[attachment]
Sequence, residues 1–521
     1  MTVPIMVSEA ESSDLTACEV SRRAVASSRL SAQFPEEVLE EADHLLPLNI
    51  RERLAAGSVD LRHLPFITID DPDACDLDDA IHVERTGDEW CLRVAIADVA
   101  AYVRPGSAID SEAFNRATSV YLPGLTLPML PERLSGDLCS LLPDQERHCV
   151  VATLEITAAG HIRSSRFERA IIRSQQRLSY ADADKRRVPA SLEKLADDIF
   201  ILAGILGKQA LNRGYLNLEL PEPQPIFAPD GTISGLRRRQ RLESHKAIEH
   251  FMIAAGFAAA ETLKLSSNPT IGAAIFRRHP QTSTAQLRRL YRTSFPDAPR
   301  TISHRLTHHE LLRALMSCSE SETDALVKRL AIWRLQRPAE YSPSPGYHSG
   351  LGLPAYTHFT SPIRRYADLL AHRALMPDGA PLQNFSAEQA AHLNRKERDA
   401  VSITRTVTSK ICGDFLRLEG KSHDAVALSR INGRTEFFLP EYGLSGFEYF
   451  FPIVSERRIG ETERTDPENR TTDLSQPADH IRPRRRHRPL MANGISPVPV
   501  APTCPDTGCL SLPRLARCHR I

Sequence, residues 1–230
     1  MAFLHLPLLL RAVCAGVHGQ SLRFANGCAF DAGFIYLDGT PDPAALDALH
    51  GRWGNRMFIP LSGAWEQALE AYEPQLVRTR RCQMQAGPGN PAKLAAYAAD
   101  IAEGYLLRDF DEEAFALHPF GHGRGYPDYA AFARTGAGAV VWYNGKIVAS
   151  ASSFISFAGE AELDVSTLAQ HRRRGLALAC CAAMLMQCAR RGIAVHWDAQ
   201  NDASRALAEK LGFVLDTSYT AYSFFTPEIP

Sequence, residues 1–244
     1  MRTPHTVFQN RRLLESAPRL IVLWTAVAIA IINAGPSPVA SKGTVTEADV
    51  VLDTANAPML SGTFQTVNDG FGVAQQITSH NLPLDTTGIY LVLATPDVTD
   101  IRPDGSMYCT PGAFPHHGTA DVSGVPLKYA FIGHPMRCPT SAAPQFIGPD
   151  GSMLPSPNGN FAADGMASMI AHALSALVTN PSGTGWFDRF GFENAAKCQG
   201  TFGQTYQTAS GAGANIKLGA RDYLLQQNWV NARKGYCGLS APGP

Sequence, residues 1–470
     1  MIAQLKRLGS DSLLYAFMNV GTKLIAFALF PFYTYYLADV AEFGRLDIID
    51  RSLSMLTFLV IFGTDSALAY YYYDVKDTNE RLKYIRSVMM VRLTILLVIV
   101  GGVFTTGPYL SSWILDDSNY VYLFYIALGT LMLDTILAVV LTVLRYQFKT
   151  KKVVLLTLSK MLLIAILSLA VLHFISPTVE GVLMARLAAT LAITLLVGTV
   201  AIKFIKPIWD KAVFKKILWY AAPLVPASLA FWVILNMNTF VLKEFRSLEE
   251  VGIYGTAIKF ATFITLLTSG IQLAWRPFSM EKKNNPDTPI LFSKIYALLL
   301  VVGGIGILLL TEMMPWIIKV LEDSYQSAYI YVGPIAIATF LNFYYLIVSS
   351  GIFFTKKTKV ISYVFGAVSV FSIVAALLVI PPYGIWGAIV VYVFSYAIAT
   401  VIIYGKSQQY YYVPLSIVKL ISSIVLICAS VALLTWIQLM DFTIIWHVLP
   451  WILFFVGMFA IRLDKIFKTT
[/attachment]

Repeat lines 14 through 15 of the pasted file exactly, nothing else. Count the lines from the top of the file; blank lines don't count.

     1  MAFLHLPLLL RAVCAGVHGQ SLRFANGCAF DAGFIYLDGT PDPAALDALH
    51  GRWGNRMFIP LSGAWEQALE AYEPQLVRTR RCQMQAGPGN PAKLAAYAAD